September 1966, my mom (an excited Outer Limits/Twilight Zone fan) plunked down my 5 year old butt next to her and scared me sh*tless watching "The Man Trap". It wasn't her favorite show (she liked the anthologies much better) But it became MY show and I tried desperately to be good so I could see each and every episode (didn't get to see them all first run..sometimes I was a little hoodlum)
On Christmas 1967 I received my first "Enterprise" model kit..and I, with help from my dad, built it and it survived for the better part of a year of hard play (with many repairs along the way)
By 1968 (when the 3rd season aired) I was allowed to say up VERY late on Fridays to see Star Trek..I felt almost like an adult being allowed to stay up so late. In 1971 I started reading the James Blish adaptations..and followed them all the way until his death..
In the 70s, when the re-runs became popular, I found more and more
that my favorite show was even better than I remembered (even if the only station running it where we lived had a picture quality like the following..)
In 1975 I was immersing myself into the local fan scene with a membership in the Sacramento Star Trek Association for Revival or S.T.A.R. and became a part of the local amateur conventions held at Sacramento City College and the big 1976 con at Cal Expo.
I bought Starlog magazine and kept my inner fan happy with "The Booklet of General Plans" and the "Starfleet Technical Manual" modifying several AMT kits to match the ships in the manual..and studying electronics in school (Good old Scotty was my favorite character and in a small way I wanted to emulate him)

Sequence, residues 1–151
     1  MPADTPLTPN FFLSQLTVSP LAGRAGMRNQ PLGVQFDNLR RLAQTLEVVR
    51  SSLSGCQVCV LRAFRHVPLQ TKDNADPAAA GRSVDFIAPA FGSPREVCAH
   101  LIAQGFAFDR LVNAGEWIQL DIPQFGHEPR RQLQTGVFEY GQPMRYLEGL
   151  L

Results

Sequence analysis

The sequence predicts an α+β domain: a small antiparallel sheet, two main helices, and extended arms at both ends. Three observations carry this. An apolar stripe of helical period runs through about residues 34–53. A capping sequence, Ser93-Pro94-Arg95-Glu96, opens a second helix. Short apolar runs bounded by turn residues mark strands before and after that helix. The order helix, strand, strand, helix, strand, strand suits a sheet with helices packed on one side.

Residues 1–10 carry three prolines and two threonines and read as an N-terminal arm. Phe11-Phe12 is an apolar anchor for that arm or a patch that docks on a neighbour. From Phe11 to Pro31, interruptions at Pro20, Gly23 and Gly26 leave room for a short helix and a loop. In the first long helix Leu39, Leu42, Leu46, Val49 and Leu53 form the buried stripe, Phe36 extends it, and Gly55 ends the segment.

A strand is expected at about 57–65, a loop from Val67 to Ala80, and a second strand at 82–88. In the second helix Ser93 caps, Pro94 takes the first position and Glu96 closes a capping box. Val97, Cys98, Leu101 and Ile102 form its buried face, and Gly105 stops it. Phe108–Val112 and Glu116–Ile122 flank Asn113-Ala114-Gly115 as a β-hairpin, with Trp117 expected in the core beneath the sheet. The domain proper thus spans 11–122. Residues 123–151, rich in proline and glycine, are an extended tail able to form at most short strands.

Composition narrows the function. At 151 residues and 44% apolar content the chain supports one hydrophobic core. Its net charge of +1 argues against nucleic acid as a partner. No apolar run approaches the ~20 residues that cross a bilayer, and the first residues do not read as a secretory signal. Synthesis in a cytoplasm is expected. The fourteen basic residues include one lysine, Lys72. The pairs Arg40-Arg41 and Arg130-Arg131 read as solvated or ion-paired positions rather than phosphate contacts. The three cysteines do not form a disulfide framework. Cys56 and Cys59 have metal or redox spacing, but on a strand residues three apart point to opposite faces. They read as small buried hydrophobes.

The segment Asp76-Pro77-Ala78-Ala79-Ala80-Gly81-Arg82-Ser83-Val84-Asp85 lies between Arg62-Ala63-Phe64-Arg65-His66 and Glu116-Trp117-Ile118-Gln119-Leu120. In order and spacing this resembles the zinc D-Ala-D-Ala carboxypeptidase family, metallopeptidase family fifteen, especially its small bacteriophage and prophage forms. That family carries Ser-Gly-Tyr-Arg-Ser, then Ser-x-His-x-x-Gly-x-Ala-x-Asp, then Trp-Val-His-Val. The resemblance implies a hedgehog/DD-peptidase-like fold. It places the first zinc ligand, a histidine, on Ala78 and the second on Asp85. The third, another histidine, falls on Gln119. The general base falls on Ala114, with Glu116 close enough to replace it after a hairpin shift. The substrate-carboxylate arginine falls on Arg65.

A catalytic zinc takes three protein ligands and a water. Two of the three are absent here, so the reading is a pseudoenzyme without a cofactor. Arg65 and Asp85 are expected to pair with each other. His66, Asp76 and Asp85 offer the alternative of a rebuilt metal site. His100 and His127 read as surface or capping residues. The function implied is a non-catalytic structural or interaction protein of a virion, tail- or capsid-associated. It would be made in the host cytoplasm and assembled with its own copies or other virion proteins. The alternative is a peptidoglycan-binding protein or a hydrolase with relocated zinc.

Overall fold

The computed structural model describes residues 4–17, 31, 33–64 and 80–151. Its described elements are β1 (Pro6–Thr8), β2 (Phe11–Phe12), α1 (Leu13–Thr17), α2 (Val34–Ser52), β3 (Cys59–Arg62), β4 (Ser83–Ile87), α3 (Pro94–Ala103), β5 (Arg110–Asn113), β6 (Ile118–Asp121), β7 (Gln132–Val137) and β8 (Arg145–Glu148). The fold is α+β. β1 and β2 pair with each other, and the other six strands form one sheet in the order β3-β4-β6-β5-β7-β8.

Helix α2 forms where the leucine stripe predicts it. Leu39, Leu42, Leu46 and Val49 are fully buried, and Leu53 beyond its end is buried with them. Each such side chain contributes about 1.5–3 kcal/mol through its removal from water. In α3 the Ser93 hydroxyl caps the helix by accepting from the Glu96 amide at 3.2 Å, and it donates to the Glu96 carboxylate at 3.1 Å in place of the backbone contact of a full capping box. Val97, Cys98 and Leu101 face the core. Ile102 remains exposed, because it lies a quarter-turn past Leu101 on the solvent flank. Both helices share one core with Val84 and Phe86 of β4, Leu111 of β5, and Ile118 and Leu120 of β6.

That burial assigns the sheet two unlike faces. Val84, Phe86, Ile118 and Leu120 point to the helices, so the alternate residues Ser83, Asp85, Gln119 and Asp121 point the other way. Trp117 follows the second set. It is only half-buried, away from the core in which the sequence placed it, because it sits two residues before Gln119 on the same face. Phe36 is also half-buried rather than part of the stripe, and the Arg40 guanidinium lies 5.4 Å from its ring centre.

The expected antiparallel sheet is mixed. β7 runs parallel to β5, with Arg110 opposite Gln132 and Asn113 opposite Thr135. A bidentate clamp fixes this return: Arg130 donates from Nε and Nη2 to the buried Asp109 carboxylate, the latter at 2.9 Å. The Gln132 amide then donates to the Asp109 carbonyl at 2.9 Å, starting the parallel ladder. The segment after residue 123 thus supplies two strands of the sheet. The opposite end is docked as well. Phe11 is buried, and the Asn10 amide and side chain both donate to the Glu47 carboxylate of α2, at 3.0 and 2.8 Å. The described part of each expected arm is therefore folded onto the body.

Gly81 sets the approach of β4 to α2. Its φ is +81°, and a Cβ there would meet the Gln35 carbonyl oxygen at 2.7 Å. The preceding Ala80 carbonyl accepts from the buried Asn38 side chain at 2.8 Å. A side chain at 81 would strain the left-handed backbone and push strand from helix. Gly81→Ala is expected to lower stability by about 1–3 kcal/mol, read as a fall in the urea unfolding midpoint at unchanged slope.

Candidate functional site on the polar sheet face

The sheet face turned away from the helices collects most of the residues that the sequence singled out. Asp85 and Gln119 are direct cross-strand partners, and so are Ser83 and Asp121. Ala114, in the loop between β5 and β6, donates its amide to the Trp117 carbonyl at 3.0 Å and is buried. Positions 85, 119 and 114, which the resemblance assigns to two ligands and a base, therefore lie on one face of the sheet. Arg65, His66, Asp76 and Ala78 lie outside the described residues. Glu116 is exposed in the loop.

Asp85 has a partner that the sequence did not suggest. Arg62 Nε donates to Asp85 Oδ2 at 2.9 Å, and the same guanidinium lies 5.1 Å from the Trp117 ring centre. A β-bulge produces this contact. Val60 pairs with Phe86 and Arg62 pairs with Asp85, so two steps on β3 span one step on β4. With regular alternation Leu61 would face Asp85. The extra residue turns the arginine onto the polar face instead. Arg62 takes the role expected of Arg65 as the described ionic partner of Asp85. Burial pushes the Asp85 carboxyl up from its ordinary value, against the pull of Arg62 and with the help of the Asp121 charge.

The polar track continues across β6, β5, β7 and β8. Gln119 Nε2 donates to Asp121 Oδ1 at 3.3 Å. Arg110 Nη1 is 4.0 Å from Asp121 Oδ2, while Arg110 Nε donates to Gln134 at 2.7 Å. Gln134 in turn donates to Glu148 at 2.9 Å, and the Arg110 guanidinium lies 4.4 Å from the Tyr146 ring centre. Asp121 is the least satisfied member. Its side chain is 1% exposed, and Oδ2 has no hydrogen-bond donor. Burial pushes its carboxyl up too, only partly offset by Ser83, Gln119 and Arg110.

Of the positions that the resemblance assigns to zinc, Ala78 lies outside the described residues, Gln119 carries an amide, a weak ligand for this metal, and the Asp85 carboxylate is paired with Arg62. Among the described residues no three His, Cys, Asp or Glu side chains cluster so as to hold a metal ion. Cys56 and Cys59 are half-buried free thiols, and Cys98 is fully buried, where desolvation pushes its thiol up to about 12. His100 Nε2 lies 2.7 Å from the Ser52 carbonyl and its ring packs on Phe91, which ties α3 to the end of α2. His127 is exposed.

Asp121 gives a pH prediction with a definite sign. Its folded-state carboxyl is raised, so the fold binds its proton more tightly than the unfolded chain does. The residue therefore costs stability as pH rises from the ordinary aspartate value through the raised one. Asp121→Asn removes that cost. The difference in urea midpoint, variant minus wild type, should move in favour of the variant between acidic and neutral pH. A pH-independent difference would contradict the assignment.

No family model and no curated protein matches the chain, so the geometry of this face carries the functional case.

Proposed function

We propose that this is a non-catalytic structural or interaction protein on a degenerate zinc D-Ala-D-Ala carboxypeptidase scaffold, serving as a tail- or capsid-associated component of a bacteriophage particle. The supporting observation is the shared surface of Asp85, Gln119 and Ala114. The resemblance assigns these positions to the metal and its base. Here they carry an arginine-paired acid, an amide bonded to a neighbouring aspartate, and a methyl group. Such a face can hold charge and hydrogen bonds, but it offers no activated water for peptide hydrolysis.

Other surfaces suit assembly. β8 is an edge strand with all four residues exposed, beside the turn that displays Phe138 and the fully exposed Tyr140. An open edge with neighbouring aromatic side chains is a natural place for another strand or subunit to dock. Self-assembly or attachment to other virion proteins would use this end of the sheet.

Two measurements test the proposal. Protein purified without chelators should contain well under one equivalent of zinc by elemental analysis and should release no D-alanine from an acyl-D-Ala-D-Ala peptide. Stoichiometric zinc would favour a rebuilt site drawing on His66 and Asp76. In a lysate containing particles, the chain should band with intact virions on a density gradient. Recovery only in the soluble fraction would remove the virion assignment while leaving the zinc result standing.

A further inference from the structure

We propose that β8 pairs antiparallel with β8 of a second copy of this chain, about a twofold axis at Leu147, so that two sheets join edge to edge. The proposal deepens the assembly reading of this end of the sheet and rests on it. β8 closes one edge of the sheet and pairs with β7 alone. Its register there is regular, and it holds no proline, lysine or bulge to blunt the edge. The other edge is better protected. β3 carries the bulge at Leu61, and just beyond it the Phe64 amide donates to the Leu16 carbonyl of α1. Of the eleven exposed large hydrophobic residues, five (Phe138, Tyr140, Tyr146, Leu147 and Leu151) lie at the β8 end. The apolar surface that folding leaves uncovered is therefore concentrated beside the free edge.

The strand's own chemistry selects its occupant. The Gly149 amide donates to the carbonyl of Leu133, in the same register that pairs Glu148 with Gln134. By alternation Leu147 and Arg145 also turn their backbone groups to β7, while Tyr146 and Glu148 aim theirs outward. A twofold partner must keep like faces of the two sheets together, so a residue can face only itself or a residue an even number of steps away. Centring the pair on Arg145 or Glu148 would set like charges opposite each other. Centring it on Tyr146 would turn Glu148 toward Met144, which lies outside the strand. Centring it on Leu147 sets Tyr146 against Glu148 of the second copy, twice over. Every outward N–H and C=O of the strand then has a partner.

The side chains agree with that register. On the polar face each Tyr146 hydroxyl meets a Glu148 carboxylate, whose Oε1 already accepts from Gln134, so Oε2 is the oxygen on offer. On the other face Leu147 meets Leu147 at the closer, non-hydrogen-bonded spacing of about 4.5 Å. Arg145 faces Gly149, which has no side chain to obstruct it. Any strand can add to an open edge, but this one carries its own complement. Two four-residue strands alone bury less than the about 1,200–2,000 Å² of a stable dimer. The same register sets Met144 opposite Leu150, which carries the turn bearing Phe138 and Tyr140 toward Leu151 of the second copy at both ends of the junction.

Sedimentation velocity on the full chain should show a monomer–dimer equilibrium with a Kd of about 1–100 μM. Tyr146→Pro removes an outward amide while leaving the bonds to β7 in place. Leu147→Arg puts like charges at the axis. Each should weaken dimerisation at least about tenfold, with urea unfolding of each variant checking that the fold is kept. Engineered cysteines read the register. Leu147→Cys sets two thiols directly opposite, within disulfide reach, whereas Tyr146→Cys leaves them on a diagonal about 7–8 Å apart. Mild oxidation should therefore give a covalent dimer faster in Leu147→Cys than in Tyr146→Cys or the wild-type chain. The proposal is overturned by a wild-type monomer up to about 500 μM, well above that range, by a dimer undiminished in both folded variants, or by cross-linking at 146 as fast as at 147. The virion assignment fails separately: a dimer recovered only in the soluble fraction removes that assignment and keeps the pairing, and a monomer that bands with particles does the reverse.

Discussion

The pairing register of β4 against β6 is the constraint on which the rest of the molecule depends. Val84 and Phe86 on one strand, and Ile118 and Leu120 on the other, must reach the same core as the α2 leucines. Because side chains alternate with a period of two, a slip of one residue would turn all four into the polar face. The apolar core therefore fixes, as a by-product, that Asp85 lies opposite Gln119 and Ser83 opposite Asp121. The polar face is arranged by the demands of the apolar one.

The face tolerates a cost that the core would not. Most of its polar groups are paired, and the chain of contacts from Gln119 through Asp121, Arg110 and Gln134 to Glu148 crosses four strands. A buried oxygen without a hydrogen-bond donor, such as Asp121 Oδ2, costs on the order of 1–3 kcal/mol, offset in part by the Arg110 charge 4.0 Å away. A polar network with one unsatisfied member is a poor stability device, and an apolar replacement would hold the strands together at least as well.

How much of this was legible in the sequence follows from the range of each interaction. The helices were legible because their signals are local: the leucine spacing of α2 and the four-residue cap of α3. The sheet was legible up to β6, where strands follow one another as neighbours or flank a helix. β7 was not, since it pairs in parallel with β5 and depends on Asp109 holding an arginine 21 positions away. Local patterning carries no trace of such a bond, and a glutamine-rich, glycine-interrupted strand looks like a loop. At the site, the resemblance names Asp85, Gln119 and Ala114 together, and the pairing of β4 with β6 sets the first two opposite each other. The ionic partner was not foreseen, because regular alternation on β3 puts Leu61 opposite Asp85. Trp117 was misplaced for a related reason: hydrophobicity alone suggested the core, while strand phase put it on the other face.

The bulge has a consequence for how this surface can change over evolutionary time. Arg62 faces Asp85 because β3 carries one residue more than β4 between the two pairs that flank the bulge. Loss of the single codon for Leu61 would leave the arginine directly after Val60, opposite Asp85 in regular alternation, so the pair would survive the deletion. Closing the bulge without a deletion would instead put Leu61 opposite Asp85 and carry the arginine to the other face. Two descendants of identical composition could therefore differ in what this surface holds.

I built all the model kits I could get my hands on.. then heard about Star Trek Phase II which became a movie that re-started the franchise for a new era.. TMP, though a slight disappointment, was still New Trek and I went many times after seeing it at it's local premiere.
As a young adult, I played the "Starfleet Battles" boardgame but the USAF took up most of my time..my fandom didn't wain but became more individual in nature with all the movement a military career required. I still built any new kits (based on the movies) and saw each film several times after catching them on the first night..
In the 80s, the Cons became more and more commercialized. After TNG it seemed that everyone was a Star Trek fan.. but I continued following my individual path..
getting my sons exposed to Star Trek in all it's forms..
but the best damn time to be a Star Trek fan was the mid to late 70s..when we the fans "owned" it in our small way..Before it became the corporate juggernaut it is today..